Intersectionality and Transdisciplinarity in Disaster Studies

Wednesday, 18 July 2018: 08:45
Oral Presentation
Janki ANDHARIA, Tata Institute of Social Sciences, India

Disasters are often viewed as de-politicised events requiring technological interventions to prevent, mitigate or predict them. The idea of intersectionality in disaster studies challenges instrumental rationality of disaster “management”, essentialism, categorical purity and classificatory tendencies. It emphasizes the need to pay attention to the logic with which concepts in disaster management are socially constructed and how they operate within power structures and create new ones through social and institutional processes, embedded within the language of disaster preparedness, response and recovery.

Secondly, what does the space of post disaster recovery look like? The paper aims at a critical re-reading of post disaster recovery and ideas of spatial justice by examining concepts of hybridity and Soja’s (1991) Thisdsapce. These "displace the histories that constitute it, and set up new structures of authority, new political initiatives. The process of cultural hybridity gives rise to something different, something new and unrecognizable, a new area of negotiation of meaning and representation." (Rutherford, 1998).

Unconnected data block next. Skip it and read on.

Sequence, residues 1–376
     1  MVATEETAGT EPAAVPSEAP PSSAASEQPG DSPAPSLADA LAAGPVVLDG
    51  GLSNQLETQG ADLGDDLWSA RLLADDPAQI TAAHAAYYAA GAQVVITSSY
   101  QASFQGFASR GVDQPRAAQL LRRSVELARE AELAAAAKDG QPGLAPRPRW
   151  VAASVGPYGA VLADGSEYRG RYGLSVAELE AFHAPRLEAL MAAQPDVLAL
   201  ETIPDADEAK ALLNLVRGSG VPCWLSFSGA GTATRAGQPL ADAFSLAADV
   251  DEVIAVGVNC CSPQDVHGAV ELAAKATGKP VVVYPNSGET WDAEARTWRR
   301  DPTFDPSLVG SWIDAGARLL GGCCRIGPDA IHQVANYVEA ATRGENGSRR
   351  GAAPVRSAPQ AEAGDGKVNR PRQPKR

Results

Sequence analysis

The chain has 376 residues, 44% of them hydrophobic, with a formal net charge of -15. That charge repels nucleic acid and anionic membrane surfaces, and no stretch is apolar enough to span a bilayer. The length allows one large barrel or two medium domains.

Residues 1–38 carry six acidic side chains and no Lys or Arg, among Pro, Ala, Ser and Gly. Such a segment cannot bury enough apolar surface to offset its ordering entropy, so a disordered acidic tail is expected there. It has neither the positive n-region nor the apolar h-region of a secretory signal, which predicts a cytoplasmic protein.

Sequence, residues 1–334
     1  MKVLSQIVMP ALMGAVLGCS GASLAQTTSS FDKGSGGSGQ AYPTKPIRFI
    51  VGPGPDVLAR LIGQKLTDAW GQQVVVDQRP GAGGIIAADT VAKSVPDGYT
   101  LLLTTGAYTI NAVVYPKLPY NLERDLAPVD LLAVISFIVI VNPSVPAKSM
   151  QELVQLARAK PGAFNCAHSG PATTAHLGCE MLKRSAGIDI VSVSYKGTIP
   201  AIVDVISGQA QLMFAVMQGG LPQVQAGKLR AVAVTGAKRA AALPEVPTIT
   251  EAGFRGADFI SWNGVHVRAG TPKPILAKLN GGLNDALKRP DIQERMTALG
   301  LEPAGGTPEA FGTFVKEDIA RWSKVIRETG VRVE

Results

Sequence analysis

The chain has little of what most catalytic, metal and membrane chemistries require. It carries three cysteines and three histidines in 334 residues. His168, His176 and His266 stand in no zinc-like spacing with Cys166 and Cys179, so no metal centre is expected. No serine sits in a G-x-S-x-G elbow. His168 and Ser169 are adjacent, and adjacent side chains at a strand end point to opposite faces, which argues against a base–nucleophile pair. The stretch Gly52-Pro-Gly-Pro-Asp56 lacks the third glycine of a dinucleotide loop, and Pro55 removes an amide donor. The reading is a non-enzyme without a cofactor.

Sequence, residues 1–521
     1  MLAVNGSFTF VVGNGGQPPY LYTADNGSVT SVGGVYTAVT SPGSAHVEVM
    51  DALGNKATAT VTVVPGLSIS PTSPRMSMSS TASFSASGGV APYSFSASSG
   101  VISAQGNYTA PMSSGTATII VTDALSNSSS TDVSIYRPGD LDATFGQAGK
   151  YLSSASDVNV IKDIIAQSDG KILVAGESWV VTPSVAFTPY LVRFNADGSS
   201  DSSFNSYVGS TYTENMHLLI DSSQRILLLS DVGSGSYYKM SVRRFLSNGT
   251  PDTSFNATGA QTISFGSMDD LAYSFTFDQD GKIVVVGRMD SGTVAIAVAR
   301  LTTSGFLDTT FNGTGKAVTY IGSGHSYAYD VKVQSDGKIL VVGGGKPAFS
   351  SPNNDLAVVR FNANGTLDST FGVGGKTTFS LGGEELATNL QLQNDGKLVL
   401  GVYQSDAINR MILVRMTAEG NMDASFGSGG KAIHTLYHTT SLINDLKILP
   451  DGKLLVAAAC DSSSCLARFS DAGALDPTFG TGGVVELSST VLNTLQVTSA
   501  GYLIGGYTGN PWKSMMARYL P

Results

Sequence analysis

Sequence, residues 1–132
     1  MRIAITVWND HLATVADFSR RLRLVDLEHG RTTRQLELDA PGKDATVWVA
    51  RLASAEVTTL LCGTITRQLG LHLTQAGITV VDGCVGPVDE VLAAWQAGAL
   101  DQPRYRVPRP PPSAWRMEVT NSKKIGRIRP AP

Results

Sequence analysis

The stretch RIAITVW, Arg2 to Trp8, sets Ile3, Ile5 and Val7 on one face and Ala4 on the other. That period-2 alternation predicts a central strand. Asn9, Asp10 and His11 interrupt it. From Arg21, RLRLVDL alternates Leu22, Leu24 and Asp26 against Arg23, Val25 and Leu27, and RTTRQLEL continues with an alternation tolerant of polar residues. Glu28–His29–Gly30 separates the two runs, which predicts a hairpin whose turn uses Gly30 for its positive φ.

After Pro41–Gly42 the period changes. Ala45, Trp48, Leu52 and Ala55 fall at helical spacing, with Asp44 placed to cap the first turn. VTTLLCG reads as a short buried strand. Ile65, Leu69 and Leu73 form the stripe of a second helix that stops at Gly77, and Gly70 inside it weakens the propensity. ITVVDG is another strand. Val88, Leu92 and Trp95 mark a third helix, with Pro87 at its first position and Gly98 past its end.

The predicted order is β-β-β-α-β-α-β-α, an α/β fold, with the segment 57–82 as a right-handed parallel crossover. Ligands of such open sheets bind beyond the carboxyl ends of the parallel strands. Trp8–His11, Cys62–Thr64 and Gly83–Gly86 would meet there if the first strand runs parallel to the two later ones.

The paper explores Soja’s (1991) Thirdspace as a radically inclusive concept that encompasses epistemology, ontology, and historicity in continuous movement beyond dualisms and toward "an-Other". "Thirding produces what might best be called a cumulative trialectics that is radically open to additional otherness, to a continuing expansion of spatial knowledge. The paper will examine “the rebalanced trialectices of spatiality–historicality–sociality” in the context of post disasters relief and recovery processes. The paper seeks to examine an understanding of how meaning is generated, disseminated, contested, bound up with systems of power and control and produced from the social, political and economic spheres within particular social formations.

Problematizing the dominant models of relief and recovery, propagated through powerful multilateral institutions, the paper would examine issues of power, local political struggles and how these inform disaster governance and disaster management practices.